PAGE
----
This article discusses a once-a-day HIV treatment that may be available at some unknown time in the future. The treatment has been submitted to the FDA for approval. While the companies may be genuinely pleased with the studies they have done to demonstrate that the drugs in combination work as well as they do separately, those results still need to be evaluated by the FDA. This is an article on a re-packaging of a combination of medications currently used for the treatment of AIDS. The story fails to discuss issues that such re-formulation may cause that could be of concern to consumers. In several ways the story reads like it came from a drug company news release, although there is no direct evidence of that. The story would have been helped by interviews with independent experts who could address the evidence. There was really no evidence discussed in this story at all.
There was no cost of treatment information; how would this once-a-day pill compare to the two pill once-a-day combination?
There was no quantification of benefits of treatment. While it is easy to forget to take medications that are taken several times during the day, it is also easy to forget to take a medication once-a-day. There were no data to indicate how compliance compared.
No harms of treatment or side effects were mentioned. Does the frequency of side effects differ when medication is taken once or more than once a day?
This article does not contain evidence. It appears to have been stimulated by “forward-looking” statements from one of the drug manufacturers involved in this partnership. It contains the view of one patient describing how difficult it is to remember to take daily prescription medications. This is a hurdle faced by many people with a variety of conditions other than HIV. The article did not contain evidence that compliance with taking medication once a day is actually better than dosing strategies that rely on medication taken multiple times a day.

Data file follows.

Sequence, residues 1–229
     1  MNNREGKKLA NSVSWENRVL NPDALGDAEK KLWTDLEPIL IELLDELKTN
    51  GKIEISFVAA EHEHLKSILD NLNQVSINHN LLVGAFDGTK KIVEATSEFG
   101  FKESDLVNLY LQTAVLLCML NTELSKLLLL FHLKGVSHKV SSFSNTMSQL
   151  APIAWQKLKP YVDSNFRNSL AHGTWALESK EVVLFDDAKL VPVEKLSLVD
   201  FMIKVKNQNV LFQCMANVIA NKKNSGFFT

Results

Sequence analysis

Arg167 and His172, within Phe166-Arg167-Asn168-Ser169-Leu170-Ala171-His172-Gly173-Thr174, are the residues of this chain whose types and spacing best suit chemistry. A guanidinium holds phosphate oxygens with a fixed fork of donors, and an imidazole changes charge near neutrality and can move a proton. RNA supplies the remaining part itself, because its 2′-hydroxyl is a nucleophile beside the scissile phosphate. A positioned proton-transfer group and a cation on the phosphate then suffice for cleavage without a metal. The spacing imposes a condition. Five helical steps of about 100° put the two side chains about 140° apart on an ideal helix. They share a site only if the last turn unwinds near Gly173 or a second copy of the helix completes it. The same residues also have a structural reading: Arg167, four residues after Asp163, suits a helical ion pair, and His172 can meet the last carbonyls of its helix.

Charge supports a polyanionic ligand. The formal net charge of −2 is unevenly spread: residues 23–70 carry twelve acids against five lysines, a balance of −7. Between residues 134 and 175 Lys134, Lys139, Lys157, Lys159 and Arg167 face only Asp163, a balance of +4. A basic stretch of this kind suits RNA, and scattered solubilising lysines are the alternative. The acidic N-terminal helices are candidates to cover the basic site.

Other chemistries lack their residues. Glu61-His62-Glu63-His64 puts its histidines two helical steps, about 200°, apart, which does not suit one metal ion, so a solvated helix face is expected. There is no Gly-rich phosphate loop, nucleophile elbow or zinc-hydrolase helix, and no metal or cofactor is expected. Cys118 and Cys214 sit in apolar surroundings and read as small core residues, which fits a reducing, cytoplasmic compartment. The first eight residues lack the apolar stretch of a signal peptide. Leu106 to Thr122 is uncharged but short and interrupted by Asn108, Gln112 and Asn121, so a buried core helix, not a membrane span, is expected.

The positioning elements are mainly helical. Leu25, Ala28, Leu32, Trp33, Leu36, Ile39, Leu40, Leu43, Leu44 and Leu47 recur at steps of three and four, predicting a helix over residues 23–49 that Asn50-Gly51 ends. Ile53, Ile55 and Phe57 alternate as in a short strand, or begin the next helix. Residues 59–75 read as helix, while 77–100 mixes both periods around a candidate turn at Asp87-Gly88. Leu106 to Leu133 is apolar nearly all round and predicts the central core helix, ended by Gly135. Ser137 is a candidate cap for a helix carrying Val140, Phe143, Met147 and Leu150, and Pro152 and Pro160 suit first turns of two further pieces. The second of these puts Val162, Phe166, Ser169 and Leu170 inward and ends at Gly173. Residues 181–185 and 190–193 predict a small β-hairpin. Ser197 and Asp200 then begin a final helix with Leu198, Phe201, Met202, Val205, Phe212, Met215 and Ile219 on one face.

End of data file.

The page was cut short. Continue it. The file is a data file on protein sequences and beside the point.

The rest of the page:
In addition, the article failed to provide information about how effective the once-a-day regiment is as compared to other dosing schemes.
No evidence of disease mongering.
While there were several people interviewed for the story, an independent source with expertise on the subject should have been asked to comment on the therapeutic claims. One patient provides a single patient perspective; two individuals working for AIDS advocacy groups are also quoted. However no expert was quoted on any clinical evidence demonstrating effectiveness of the proposed treatment.
While not mentioning all the approaches to HIV treatment, the article does include mention of a combination of pills that could be taken once a day and gave an example of one patient who had to take only 3 pills twice a day.
The story reports that the FDA is expected to approve the drug this year. But the timing of FDA approval is highly uNPRedictable and in some recent cases the FDA has rejected the advice of expert panels. This medication has only just been submitted for FDA approval.
The pill described would represent the first combination therapy for the treatment of HIV that necessitates taking medication only once a day. It is, however, a re-packaging of two existing treatments. So, if the story is going to let someone call this “a breakthrough,” it should at least explore what is novel and what isn’t.
We can’t be sure if the story relied solely or largely on a news release.